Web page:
From reading my textbook, I am having difficulty grasping how Peano Arithmetic works.

I tried to find a formula in the language of PA that expresses each of the following:

1. a | b

In terms of a formula, I came up with "$\mathsf {PA} \vdash \exists c(a * c = b)$" but I fail to see what peano axioms can lead to this formula or how the procedure would look like

2. a is prime

In terms of a formula for this one, I came up with "$\mathsf {PA} \vdash a > 1 \land \forall bc(a | b * c \to a | b \lor a | c) $"

3. a is a perfect square

I don't know if I was thinking overcomplicated for this one but does "$\mathsf {PA} \vdash \exists a(a * a = a^2)$" work?

I don't know if it suffices to have a formula and thats it or it's necessary to provide a proof of the formula working as well?

Thanks for reading and helping!

  • $\begingroup$ Please avoid just referring to an image. In this case the image is complete as there is a footnote that isn't included. Also your formula for the second point is missing a parenthesis. $\endgroup$
    – skyking
    Mar 16, 2017 at 7:59
  • $\begingroup$ For 1) the definition is correct; buu it is a definition and not a theorem. You cannot prove it. Formally, a defintion is an abbreviation : $\text {Div} (a,b)$ in place of $\exists c \ (a * c=b)$. $\endgroup$ Mar 16, 2017 at 8:02
  • $\begingroup$ For 3), it is wrong : $\text {Perf Sq}(a) := \exists b (a= b * b)$. (there is no "exponentiation" in the set of symbols of your language). $\endgroup$ Mar 16, 2017 at 8:05
  • $\begingroup$ I removed an unbalanced parenthesis from the "prime" definition (which may have contributed to an apparent misunderstanding in skyking's answer). Unfortunately I had to add some blanks in free space before it would take the change and now I can't delete the blanks. Apologies. $\endgroup$ Mar 16, 2017 at 8:37

1 Answer 1

  1. a is a divisor of b**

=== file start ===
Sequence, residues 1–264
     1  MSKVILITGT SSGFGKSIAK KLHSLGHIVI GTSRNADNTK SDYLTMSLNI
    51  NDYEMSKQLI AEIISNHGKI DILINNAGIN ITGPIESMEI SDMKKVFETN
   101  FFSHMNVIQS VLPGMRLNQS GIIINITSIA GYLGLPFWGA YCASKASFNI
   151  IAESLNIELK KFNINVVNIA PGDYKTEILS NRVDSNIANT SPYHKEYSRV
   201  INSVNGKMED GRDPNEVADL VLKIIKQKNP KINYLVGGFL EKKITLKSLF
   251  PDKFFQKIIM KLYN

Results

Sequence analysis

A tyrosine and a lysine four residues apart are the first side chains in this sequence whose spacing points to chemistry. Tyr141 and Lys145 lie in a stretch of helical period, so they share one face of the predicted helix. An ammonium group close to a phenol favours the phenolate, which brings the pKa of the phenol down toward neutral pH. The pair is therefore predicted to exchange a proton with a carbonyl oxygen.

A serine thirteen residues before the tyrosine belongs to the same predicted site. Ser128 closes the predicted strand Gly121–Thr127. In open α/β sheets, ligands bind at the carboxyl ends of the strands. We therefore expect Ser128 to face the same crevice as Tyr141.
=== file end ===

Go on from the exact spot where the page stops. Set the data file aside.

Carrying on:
That's correct. Note that this and the others are mere definitions, they need only be statements that is gramatically correct in the language of PA. You're allowed to multiply for example. I also assume that you're allowed to use quantifiers.

Formally one uses the first and second definition to show that it's a formula by noting that $a\cdot c$ (by 7.1iii) is a term and therefore $(a\cdot c=b)$ is a formula (by 7.2i), therefore also $\exists c(a\cdot c = b)$ is a formula (by 7.2ii).

  1. a is prime**

No. The $x|y$ is normally means that $x$ divides $y$. A prime number is allowed to divide other numbers - it's the other way around. Also you actually don't need to involve divisibility. Alternatives are:

$$(1 < a) \land \forall b,c(a = bc) \rightarrow (b=a \lor c=a)$$ $$(1 < a) \land\forall b(b| a) \rightarrow (b=a \lor b=1)$$

However this requires $1$ to be defined first, but you could use $S(0)$ instead as this would be the probable definition of $1$. Note that your proposal included the relation $>$ which isn't defined - the definition 7.2 only states that $(t<u)$ is a formula.

These requires us to be allowed to use our definitions. Otherwise we would use

$$(S(0) < a) \land \forall b,c(a = bc) \rightarrow (b=a \lor c=a)$$

  1. a is a perfect square**

Incorrect, for one you can't reuse $a$ to be quantified over. Also you should realize that a perfect square is a number that is the square of another number:

$$\exists b (a = b\cdot b) $$

Note that we don't write $b^2$ as that would require us to define squaring first.

  • $\begingroup$ Thanks for the clear explanation! For number 2, could we reference successor of 0 (S0) to represent 1 (S(0) = 1) so that we don't have to define 1 for both the alternatives? $\endgroup$ Mar 16, 2017 at 9:09
  • $\begingroup$ @T.Steinkempt Yes. I chose to use the symbol $1$ because I assumed that the definition was introduced. Besides the meaning of $S$ seem to be clarified in a footnot that wasn't included in your picture. $\endgroup$
    – skyking
    Mar 16, 2017 at 9:31
  • $\begingroup$ The relation "<" doesn't need a definition (it appears in the rules for valid wffs in the link given). The axioms (not shown) presumably include "$t<St\wedge (t<u\Rightarrow St<Su)$" or something of the kind. All that is then needed is to write $1<a $ instead of $a>1$. If the formula were then written as a definition (with balanced parentheses of course) it would correctly define a prime. Your formulae would normally define an irreducible, which in this case comes to the same thing. $\endgroup$ Mar 16, 2017 at 9:32
  • $\begingroup$ @MartinRattigan You're correct, I've missed that and updated the answer. However $>$ would need a definition. $\endgroup$
    – skyking
    Mar 16, 2017 at 9:39
  • $\begingroup$ True. That would be more useful than reversing the terms forever. $\endgroup$ Mar 16, 2017 at 9:41

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